“I try to work with my hands as much as possible” – Bastiaan de Nennie
In 2015, Bastiaan de Nennie graduated from the Design Academy in Eindhoven. And then he just started creating. With his 3D printed artworks, that embrace both the physical and digital world, he and his Phygital Studio are not only making a name for themselves in the art world, but also in the office industry. At the start of the first lockdown, he furnished and decorated a complete floor of an office building of the Dutch national government.
Was crafting already something that was prominent in your youth?
“My father is an artist and my mother was a dancer – she works as a teacher now – so we were a ‘crafty’ family. And talking about family: my brother is in a band and he’s also a client of Kees.”
How would you describe your art?
“It’s in between art and design. I studied at the Design Academy. I apply the techniques I learned there in my work. Using sketches and 3D printing and scanning techniques, I turn contemporary tangible items into new fantasy objects, which aren’t necessarily functional. My studio is called Phygital Studio: a fusion of physical and digital.”
Many of your works of art do indeed look like absurdist utensils. Where do you get your inspiration from?
“Some people like to use Instagram or Pinterest, but I get more inspiration from the physical world and in turn try to digitize those ideas in some way. I collect all my 3D scans of items, objects and techniques in a database. These are my building blocks to sketch new ideas with.”
Being creative is one thing, but how do you combine it with entrepreneurship?
“I’ve never really worked for a boss, so I don’t know what it’s like to have a permanent employment contract. I just started. And I managed to file my VAT return by myself, but at a certain point I also had to submit my income tax return and that proved to be a problem. Until I got the advice to contact Kees de Boekhouder, and now things are working out. It provides overview and also encourages me to keep my administration up-to-date. Entrepreneurship itself comes pretty naturally. Usually one job leads to another, and I believe I’m subconsciously quite good at networking. Although starting a newsletter has already been on my to-do list for two years now.”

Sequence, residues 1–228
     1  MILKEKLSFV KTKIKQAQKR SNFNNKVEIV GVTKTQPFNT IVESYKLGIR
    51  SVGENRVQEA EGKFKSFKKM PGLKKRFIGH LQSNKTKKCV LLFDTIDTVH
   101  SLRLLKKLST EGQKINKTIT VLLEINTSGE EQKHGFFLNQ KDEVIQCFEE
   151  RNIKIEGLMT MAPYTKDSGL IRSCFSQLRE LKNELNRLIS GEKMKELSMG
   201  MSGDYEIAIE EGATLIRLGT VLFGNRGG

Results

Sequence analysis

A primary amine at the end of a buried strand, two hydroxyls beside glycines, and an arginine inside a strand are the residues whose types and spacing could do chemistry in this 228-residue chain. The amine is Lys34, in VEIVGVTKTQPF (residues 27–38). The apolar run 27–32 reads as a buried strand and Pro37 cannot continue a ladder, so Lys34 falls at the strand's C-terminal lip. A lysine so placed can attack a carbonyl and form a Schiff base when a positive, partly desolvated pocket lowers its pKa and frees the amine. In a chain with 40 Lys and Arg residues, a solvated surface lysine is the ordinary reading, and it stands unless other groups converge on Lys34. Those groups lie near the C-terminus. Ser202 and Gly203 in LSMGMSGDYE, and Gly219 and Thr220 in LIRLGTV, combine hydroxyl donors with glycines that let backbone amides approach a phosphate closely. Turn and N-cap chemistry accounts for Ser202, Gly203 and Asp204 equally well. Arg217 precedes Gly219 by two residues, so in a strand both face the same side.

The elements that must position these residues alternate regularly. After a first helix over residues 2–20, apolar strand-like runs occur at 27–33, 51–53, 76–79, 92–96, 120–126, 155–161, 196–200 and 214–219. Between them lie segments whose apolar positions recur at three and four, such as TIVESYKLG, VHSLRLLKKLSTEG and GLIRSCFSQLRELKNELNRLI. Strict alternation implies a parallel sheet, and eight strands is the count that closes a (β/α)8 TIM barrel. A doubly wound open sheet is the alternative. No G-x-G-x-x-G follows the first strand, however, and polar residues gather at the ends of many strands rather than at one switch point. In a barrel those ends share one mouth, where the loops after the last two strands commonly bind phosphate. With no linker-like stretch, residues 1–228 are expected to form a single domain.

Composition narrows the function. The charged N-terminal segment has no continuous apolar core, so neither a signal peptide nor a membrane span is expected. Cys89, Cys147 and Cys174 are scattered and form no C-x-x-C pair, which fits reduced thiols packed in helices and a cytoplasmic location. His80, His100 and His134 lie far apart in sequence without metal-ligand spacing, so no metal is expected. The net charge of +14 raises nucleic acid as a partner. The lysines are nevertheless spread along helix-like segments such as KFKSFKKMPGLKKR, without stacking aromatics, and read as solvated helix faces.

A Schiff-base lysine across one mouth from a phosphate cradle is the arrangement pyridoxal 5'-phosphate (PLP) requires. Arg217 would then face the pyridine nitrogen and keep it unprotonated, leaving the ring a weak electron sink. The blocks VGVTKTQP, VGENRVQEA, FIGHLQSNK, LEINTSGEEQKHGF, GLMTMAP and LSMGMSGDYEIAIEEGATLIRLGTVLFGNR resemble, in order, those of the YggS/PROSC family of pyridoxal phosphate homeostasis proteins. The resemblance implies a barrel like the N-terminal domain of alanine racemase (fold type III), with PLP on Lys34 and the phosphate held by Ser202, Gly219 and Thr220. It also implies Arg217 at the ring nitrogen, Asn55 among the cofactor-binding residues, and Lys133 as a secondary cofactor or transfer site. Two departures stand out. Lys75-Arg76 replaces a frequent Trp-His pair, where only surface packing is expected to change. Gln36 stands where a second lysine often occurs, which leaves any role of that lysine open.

When did you know that this path was right for you?
“While I was graduating. I graduated with a chair and a 3D scan project, just for fun really. But apparently I had a style or signature that appealed to people. I wouldn’t say I was the first, but I was definitely one of the few people to create works of art using absurdist digital design. I also like to cook. So if all goes wrong, I can always start a restaurant. Or a sandwich store, that seems lovely as well. But for now, I’ll continue doing this.”
What does a working day look like for you, do you have any routines?
“I’m usually at the studio around eight or nine in the morning. And I go home at around five or six in the afternoon. If necessary, I just work until late. It sounds like an office job, because I spend a lot of time behind the computer. But I try to work with my hands as much as possible!”
What’s it been like to be a creative entrepreneur in the past 2 years?
“The first year was really good actually. I got an assignment from the Dutch national government to furnish the meeting floor of an office building: from curtains to sculptures to wall stickers. That project would run until April 2020, but eventually provided me with work until the end of 2020. And then things became very quiet for a while. But I’d recently bought a house at the time, so I focused on the house for a while.”
Nowadays, there are artists in ‘cryptoland’ who’ve started selling their digital work as NFT (non-fungible token), often for thousands of Euros. What’s your opinion about this?
“Well, actually I think I should be in that business as well. But I’m so busy with the 3D printing, scanning and construction that the whole NFT hype happened without me paying attention. And now I think: Shit, am I missing the boat? I would like to delve into it more, because I think it fits my work well.”
You’ve done some really nice projects. Which one are you most proud of?
“I once 3D printed a bookcase using a robot arm, that was great fun. But I’m most proud of the project for the Dutch national government.”